Representatives from the Sandoval County Native American Voting Rights Program will be providing voter education at this year’s county fair.
The Native American Voting Rights Program was created to ensure that the county’s Native American population has equal access to all phases of the electoral process. However, it doesn’t mean the program provides services solely to Native Americans.
At the county fair, as they do at many other community events, program representatives will answer questions about the voting process for all citizens. They also can assist citizens with voter registration.
The Sandoval County Fair runs from July 27 through August 2, 2015.
The program reps’ attendance at the fair is in line with the variety of services they offer around the county throughout the year. These services include voter education and awareness training and voter registration drives. Voting rights coordinators travel across the county throughout the year conducting election-focused presentations, workshops and training sessions at schools, community centers, senior centers and other venues such as community health fairs and conferences.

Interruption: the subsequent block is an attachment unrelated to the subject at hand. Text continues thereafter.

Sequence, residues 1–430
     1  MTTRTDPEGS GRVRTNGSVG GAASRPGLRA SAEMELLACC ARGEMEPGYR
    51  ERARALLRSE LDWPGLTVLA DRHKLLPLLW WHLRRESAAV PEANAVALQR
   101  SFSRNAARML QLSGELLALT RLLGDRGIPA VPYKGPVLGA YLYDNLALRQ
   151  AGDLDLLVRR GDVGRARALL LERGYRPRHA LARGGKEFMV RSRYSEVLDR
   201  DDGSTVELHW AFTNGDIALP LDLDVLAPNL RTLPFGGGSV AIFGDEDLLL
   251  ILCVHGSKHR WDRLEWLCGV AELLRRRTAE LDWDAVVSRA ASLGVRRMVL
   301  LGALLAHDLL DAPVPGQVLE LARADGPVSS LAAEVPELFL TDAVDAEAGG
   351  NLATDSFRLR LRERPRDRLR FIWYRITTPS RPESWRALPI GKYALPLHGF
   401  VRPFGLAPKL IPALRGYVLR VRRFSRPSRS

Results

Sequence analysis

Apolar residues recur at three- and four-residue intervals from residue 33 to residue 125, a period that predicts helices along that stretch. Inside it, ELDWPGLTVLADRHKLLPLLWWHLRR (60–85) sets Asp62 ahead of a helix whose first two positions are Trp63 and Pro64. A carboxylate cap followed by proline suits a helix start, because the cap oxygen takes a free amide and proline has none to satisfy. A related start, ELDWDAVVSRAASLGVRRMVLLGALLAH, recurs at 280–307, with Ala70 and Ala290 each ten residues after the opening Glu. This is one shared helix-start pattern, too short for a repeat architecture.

When necessary, the voting rights coordinators also translate election-related material—including ballots—into the appropriate Native language (Keres, Towa, and Navajo).
All information provided by the voting rights coordinators is non-partisan. They never advise voters—including those needing language translation assistance—on which candidates or ballot questions to select.
“We see the county fair as a place to raise awareness about voting process among a broad spectrum of the Sandoval County community, including natives and non-natives,” said Jaime Pino, the Keres Voting Rights Coordinator. “We hope people will stop by our booth at the fair, particularly those who are not yet registered to vote. There’s a big election coming up next year, and everyone should have their voice heard by exercising their right to vote.”